Don’t criminalize pregnant patients with substance-use disorders

Tanya Albert Henry , Contributing News Writer

An Ohio appellate court ruling is good for the patient-physician relationship and the health of expectant moms, their fetuses and their newborns.

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In a win for pregnant patients and their physicians, an Ohio appellate court has overturned a jury verdict that would have sent a woman to prison after she disclosed that she used illicit drugs during her pregnancy.

A May opinion from the 5th District Court of Appeals in Muskingum County, Ohio, focuses on the question of whether the state’s “Corrupting Another With Drugs” law applies to a pregnant woman who ingested drugs herself, or if the offender and the pregnant person must be two different people.

The court concluded that the legislative history and the language in the statute mean that the law applies only when the person who supplied controlled substances and the pregnant person are two different people.

That interpretation is good for the health of pregnant people, their fetuses and newborns, physicians say.

The AMA opposes laws that criminalize pregnant individuals who have substance-use disorders. The AMA joined seven other Ohio and national organizations to file an amicus brief (PDF) that urged the court to overturn the verdict that would have sent the woman to prison for eight to 12 years. They were joined in the brief by 31 experts on maternal, fetal and neonatal health and the effects of drug use on pregnant people, pregnancies and babies.

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Punishing pregnant women who use drugs endangers maternal, fetal and child health and deters pregnant women from seeking health care for themselves or their families, the AMA and the others told the appellate court in their brief.

“Amici are committed to reducing potential drug-related harms at every opportunity. Amici do not endorse the nonmedicinal use of drugs—including alcohol, caffeine or tobacco—during pregnancy. … In the view of amici, however, such interests are undermined, not advanced, by the judicial expansion of the corrupting-another-with-drugs statute to apply to pregnant women who self-administer drugs,” said the brief in the case, State of Ohio v. Tara Hollingshead.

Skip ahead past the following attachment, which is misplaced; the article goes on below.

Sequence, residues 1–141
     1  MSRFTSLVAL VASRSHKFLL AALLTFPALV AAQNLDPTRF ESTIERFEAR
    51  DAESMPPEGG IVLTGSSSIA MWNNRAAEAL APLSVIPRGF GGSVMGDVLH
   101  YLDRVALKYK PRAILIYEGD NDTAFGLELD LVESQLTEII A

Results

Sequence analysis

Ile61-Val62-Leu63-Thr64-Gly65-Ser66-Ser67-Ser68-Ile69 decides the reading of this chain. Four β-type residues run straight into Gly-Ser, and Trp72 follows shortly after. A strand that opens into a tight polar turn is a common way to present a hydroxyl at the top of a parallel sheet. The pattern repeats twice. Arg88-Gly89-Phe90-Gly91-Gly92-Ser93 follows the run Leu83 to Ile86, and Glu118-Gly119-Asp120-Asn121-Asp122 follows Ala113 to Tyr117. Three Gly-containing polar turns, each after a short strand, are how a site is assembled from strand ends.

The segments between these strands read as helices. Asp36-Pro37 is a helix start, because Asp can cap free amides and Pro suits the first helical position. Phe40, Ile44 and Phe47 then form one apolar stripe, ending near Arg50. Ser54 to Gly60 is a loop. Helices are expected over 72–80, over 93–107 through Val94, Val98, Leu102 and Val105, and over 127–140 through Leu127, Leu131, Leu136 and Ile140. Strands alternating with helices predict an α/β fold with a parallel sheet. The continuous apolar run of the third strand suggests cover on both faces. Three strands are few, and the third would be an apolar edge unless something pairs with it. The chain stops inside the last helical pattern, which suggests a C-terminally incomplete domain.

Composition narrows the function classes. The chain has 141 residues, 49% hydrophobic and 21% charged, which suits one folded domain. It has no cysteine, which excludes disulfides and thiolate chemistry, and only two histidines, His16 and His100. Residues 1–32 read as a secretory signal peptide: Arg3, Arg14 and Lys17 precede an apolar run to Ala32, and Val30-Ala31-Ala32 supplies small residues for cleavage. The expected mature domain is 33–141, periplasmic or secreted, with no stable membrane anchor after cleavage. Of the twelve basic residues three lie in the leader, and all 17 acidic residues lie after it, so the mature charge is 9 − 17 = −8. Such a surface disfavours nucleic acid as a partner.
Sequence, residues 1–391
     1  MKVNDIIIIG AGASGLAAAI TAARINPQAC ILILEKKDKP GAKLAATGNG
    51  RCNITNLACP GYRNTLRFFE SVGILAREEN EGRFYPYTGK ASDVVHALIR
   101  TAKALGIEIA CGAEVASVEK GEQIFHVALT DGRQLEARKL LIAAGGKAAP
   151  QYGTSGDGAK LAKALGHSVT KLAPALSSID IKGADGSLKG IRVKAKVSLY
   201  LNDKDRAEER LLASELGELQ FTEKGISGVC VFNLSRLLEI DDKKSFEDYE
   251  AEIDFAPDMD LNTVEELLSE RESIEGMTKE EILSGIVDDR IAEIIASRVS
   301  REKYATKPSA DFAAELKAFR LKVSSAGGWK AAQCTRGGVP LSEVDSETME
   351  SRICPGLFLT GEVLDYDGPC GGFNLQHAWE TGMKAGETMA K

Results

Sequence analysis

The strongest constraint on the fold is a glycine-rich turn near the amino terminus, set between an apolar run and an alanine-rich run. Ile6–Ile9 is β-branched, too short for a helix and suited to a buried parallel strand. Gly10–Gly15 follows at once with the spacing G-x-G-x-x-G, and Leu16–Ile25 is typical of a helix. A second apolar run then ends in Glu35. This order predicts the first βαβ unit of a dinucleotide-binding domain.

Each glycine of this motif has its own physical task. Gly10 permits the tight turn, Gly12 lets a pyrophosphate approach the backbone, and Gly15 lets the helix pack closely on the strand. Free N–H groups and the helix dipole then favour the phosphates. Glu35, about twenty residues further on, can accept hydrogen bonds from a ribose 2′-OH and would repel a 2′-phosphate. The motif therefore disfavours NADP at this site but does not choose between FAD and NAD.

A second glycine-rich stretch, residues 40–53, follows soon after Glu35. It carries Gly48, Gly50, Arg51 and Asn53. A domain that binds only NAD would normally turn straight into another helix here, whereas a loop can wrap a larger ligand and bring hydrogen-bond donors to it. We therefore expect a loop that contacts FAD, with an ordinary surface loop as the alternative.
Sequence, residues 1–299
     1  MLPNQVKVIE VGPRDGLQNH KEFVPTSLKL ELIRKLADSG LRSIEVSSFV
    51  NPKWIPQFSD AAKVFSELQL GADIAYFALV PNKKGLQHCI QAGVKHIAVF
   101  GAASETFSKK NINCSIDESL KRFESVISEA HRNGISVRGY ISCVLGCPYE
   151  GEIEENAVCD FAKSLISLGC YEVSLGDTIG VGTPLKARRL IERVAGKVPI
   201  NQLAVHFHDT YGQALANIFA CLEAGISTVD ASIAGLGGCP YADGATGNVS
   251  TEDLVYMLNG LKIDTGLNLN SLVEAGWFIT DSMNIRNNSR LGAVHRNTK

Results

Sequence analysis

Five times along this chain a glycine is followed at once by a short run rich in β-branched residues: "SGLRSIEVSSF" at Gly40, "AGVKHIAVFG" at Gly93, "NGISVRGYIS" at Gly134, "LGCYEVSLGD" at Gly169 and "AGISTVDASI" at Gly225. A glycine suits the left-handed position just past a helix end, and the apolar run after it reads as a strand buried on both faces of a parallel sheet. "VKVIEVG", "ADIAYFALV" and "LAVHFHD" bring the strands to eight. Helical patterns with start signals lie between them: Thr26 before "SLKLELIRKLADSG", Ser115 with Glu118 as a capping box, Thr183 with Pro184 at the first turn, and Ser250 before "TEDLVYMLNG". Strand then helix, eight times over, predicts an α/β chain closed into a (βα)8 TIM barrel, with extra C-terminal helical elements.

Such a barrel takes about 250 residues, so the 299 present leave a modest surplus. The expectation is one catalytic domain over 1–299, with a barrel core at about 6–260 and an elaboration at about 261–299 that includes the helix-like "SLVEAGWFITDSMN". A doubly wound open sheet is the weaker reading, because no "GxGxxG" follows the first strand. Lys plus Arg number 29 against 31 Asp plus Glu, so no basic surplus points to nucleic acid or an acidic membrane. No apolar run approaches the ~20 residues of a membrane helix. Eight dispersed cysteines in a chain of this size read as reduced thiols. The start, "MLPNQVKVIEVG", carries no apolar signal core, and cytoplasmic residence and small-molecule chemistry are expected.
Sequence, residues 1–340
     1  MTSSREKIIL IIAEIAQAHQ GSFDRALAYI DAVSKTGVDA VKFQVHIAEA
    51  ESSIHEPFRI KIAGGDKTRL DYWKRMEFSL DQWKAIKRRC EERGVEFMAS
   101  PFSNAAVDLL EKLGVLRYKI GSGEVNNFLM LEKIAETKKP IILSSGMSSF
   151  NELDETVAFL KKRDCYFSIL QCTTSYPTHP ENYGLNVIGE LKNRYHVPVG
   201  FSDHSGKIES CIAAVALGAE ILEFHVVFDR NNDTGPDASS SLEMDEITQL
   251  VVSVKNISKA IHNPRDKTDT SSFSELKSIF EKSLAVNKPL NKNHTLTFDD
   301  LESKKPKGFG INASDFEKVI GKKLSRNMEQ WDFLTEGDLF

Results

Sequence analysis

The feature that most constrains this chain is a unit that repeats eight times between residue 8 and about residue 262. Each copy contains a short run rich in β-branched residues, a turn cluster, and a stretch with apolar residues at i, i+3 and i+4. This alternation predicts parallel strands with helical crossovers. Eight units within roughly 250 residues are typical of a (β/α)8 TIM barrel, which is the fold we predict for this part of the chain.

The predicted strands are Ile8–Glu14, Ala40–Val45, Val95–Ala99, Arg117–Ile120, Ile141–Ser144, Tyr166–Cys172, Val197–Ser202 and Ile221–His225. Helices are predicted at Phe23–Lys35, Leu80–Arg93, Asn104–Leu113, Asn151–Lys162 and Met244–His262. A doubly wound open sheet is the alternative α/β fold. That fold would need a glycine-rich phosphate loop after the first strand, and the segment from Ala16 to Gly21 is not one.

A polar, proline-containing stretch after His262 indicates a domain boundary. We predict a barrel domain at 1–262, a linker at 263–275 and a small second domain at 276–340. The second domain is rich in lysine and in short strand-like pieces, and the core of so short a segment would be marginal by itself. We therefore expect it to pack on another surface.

Hollingshead’s trial lasted just 90 minutes and a jury convicted her after a little more than an hour of deliberations. If the appellate court had allowed the jury verdict to stand, it would have created a new understanding of the law that would have punished pregnant people “with profound and detrimental implications for the health and welfare of women, children and families,” the AMA and others said in their brief.

“Public health research establishes that pregnant women are often deterred from pursuing drug treatment and prenatal care in circumstances where they fear arrest, prosecution, and possible imprisonment,” the brief said.

Feeling threatened that they could face criminal charges and distrustful of the system, pregnant people are also discouraged from sharing information about drug use to their physician, information that is vital in helping physicians treat mothers, fetuses and newborns.

“A relationship of trust is critical for effective medical care because the promise of confidentiality encourages patients to disclose sensitive subjects to a physician. Open communication between pregnant women who are dependent on drugs and their health care providers is critical, and courts have long viewed confidentiality as fundamental to this relationship,” the brief said.

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Courts in Michigan, Georgia, Texas and Kentucky have all stopped attempts to prosecute those who used drugs while pregnant.

Tennessee is the only state in the nation to ever pass a law specifically targeting pregnant people for their actions during their pregnancy, the brief points out. The legislature passed the “fetal assault” law in 2014 and let it sunset in 2016 after seeing the negative impact it had. In 2015, the law led to 20 fetal deaths and 60 infant deaths, the brief notes.

“Substance-use disorder is not a voluntary act that is cured by threats,” the brief from the AMA and others said. “The medical profession has long acknowledged that substance use disorder has biological and genetic dimensions and cannot be overcome without treatment. … Because of the compulsive nature of addiction, warning or threats (even threats of criminal punishment) are unlikely to deter drug use among pregnant women.”

The AMA believes that science, evidence and compassion must continue to guide patient care and policy change as the nation’s opioid epidemic evolves into a more dangerous and complicated illicit drug overdose epidemic. Learn more at the AMA’s End the Epidemic website.

Visit AMA Advocacy in Action to find out what’s at stake in ending the overdose epidemic and other advocacy priorities the AMA is working on.